POPE FRANCIS’ REFLECTION ON THE 3RD SUNDAY OF ADVENT YEAR B.
POPE FRANCIS’ 2023 REFLECTION ON THE 3RD SUNDAY OF ADVENT YEAR B.
Dear brothers and sisters, buongiorno!
Today, the Third Sunday of Advent, the Gospel speaks to us about John the Baptist’s mission (cf. Jn 1:6-8, 19-28), indicating that he is the prophet sent by God to “testify to the light” (v. 8). Let us reflect on this: to testify to the light.
Testimony. The Baptist is certainly an extraordinary man. The people flock to listen to him, attracted by his consistent and sincere way of being (cf. vv. 6-7). His testimony comes through his frank language, his honest behaviour, his austerity of life. All this makes him different from other famous and powerful people of that time, who, instead, invested a lot in appearances. People like him – upright, free and courageous – are luminous, fascinating figures: they motivate us to rise above mediocrity and to be in turn models of good living for others. In every age, the Lord sends men and women like this. Do we know how to recognize them? Do we try to learn from their witness, allowing ourselves to be challenged? Or rather, do we allow ourselves to be bedazzled by fashionable people? Then we get caught in artificial behaviour.
John instead is luminous insofar as he testifies to the light. But what is his light? He himself responds when he states clearly to the crowds who had flocked to hear him that he was not the light, that he was not the Messiah (cf. vv. 19-20). The light is Jesus, the Lamb of God, “God who saves”. Only He redeems, frees, heals and enlightens. This is why John is a “voice” who accompanies his brothers and sisters to the Word; he serves without seeking honours or the spotlight: he is a lamp, while the light is the living Christ (cf. vv. 26-27; Jn 5:35)
Brothers and sisters, the example of John the Baptist teaches us at least two things. First, that we cannot save ourselves alone: only in God do we find the light of life. And second, that each of us, through service, consistency, humility, witness of life – and always by God’s grace – can be a lamp that shines and helps others find the way on which to meet Jesus.
So, let us ask ourselves: In the places I live, how can I testify to the light, testify to Christ in the here and now this Christmas, not in the distant future?
May Mary, mirror of holiness, help us be men and women who reflect Jesus, the light who comes into the world.
Source and copyright: https://www.vatican.va/content/francesco/en/angelus/2023/documents/20231217-angelus.html
3rd Sunday of Advent year B, 13 December 2020
Dear Brothers and Sisters,
The invitation to joy is characteristic of the season of Advent: the expectation of Jesus’ birth that we experience is joyful, somewhat like when we await the visit of a person we love a great deal, for example, a friend whom we have not seen for a long time, a relative…. We are in joyful anticipation. And this dimension of joy emerges particularly today, the Third Sunday, which opens with Saint Paul’s exhortation: “Rejoice in the Lord always” (Entrance Antiphon; cf. Phil 4:4, 5). “Rejoice!” Christian joy. And what is the reason for this joy? That “the Lord is at hand” (v. 5). The closer the Lord is to us, the more joy we feel; the farther away he is, the more sadness we feel. This is a rule for Christians. Once a philosopher said something more or less like this: “I do not understand how one can believe today, because those who say they believe have a face from a funeral wake. They do not bear witness of the joy of the Resurrection of Jesus Christ”. Many Christians have that face, yes, a face from a funeral wake, a face of sadness…. But Christ is risen! Christ loves you! And you have no joy? Let us think a bit about this and let us ask: “Do I have joy because the Lord is close to me, because the Lord loves me, because the Lord has redeemed me?”.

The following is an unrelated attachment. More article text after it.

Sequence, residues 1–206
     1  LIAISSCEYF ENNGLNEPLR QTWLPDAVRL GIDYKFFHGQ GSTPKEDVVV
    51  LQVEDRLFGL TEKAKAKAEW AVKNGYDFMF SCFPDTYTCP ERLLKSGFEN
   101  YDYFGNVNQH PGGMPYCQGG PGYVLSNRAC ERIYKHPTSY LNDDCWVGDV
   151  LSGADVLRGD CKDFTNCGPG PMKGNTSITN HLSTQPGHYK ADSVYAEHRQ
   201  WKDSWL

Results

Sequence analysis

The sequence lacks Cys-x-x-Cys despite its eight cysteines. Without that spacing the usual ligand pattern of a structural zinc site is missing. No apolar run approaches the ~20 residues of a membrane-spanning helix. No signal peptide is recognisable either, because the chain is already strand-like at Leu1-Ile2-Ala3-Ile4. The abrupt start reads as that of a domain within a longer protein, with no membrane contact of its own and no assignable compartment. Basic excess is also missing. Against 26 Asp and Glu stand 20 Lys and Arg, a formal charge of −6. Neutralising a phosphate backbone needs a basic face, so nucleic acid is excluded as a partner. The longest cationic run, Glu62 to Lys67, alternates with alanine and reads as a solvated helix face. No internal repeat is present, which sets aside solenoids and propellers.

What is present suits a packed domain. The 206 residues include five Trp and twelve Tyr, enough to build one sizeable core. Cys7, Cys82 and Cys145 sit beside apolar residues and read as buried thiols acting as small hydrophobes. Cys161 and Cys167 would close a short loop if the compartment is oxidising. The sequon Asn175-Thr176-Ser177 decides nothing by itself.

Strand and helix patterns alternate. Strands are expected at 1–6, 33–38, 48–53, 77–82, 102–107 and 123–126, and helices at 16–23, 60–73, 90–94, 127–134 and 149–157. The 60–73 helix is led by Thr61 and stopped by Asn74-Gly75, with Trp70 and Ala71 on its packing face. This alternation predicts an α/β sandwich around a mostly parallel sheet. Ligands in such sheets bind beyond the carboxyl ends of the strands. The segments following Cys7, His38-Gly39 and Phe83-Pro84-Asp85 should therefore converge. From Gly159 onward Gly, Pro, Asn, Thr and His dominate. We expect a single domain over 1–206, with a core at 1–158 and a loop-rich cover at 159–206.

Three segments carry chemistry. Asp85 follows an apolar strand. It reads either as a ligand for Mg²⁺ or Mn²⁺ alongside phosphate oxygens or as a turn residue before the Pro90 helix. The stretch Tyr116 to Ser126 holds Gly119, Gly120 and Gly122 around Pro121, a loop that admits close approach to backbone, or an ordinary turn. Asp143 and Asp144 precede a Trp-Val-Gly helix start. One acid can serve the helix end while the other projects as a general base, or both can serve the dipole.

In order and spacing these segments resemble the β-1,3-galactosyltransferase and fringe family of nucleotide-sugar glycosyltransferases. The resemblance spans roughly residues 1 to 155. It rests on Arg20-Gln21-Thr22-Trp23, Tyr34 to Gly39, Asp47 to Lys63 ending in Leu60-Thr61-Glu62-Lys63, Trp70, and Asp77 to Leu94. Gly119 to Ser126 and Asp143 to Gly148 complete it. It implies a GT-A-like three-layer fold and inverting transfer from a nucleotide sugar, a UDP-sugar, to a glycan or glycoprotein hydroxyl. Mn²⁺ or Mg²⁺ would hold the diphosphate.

The Gospel according to John today presents us the biblical character who – excluding Our Lady and Saint Joseph – first and most fully experienced the expectation of the Messiah and the joy of seeing him arrive: naturally, we are speaking of John the Baptist (cf. Jn 1:6-8, 19-28).
The Evangelist introduces him in a solemn way: “There was a man sent from God…. He came for testimony, to bear witness to the light” (vv. 6-7). The Baptist is the first witness of Jesus, with the word and with the gift of his life. All the Gospels agree in showing that he fulfilled his mission by indicating Jesus as the Christ, the One sent by God, promised by the Prophets. John was a leader of his time. His renown had spread throughout Judea and beyond, to Galilee. But he did not surrender even for an instant to the temptation to draw attention to himself: he always oriented himself toward the One who was to come. He used to say: “he who comes after me, the thong of whose sandal I am not worthy to untie” (v. 27). Always indicating the Lord. Like Our Lady: always indicating the Lord: “Do whatever he tells you”. The Lord is always at the centre. The Saints around him, indicating the Lord. And one who does not indicate the Lord is not holy! This is the first condition of Christian joy: to decentralize from oneself and place Jesus at the centre. This is not alienation, because Jesus is effectively the centre; he is the light that gives full meaning to the life of every man and woman who comes into this world. It is the same dynamism of love, which leads me to come out of myself not to lose myself but to find myself again, while I give myself, while I seek the good of others.